“Rust’s freedom flaws”

I think it's most important to have a specification (ideally in a formal, meaning mathematical, way). I prefer our way of doing things and I'm not keen on ISO or ECMA as standards bodies because of the politics (national bodies, leading to a lot of compromise changes, e.g. as in C++) or the influence of money (and the potential for corruption).

I agree with the conclusion of not losing the trademark protection, :+1:


At risk of derailing the thread on an analogy, the Systembolaget page doesn't seem to mention any purported advantages versus non-monopolistic sale of alcohol; do you happen to have another link or at least an elevator-pitch?

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I think there's a big difference between not being able to claim that your C compiler is standards-compliant and not being able to call your Rust compiler a Rust compiler at all without someone's permission. The Rust team has already shown that they will be very lenient with the trademark and won't go around shutting down people's projects for no good reason, but a tendency is not a guarantee.


If someone created a compiler that could compile any existing Rust application, but, could also compile a superset of Rust, would they/should they be able to say they are a Rust compiler? What about if it uses only the subset that is "Rust" when invoked as "rustc" or with a "--rustc-compatibility" flag, but, if called as say, "uberrustc" (without the compatiblity flag) it would allow for extended syntax and/or semantics? Should they be able to say, "We are a "Rust" compiler"?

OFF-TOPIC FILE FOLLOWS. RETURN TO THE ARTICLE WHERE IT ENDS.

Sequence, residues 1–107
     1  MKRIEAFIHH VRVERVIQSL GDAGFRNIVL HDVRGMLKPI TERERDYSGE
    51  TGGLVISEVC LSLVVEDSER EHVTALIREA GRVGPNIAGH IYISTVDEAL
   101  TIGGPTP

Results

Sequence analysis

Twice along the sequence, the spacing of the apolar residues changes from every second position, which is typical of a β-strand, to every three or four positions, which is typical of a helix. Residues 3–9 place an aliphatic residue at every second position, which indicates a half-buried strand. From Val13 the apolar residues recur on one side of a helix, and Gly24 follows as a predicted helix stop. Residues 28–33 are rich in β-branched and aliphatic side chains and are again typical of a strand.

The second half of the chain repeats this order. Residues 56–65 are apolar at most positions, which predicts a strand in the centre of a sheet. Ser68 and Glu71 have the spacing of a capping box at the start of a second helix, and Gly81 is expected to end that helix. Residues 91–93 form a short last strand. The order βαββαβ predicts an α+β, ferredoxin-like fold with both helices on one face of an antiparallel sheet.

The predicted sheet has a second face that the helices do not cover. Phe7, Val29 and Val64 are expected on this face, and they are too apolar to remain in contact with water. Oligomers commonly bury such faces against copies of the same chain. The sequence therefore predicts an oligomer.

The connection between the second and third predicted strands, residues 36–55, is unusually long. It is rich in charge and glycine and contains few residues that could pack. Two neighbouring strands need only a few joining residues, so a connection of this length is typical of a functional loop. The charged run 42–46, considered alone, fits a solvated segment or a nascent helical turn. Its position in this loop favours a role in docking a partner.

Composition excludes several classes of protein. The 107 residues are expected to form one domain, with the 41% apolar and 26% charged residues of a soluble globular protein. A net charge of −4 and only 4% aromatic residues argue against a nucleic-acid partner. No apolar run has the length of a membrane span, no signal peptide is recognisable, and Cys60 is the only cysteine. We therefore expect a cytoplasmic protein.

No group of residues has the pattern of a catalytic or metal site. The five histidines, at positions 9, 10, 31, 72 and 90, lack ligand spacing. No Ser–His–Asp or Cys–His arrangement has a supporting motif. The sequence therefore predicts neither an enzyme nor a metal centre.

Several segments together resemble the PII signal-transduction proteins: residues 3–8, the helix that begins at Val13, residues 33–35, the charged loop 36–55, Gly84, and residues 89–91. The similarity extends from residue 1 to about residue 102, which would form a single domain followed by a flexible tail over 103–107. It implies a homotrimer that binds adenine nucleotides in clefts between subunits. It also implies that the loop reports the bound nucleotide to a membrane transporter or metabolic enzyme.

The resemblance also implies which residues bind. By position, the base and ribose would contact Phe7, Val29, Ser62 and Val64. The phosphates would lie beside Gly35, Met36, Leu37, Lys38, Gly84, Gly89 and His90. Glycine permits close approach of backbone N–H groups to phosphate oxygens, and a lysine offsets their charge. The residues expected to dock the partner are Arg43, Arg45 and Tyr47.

Personally, I would think "YES"; however, they should not be able to say, "We are the Rust compiler," or, "We are Mozilla Rust", or, "We are "Rust"". A packager/installer should allow the user to install such a package with soft or hard-links from "rustc" -> "uberrustc" and from "cargo" -> "ubercargo" and permit the user to use it "AS IF" if were Rust. No?


Not offering that choice could be a good thing IMO. Sometimes redistributors change the software sufficiently to break expectations, and when it happens upstream usually takes the blame. Debian for example repackage Python with built-in libraries debundled into separate packages (e.g. python-venv), crashing build scripts expecting that. Most users would proceed to report this to CPython, who can do nothing about it. Forcing a rename would be a way to make the situation and responsibilities absolutely clear.